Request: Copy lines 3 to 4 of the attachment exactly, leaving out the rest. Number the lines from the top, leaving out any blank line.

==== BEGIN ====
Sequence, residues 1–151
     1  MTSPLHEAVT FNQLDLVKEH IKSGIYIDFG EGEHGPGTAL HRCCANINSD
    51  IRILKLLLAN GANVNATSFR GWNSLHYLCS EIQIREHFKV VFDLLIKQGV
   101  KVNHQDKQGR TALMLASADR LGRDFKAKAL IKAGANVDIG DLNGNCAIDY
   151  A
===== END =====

    51  IRILKLLLAN GANVNATSFR GWNSLHYLCS EIQIREHFKV VFDLLIKQGV
   101  KVNHQDKQGR TALMLASADR LGRDFKAKAL IKAGANVDIG DLNGNCAIDY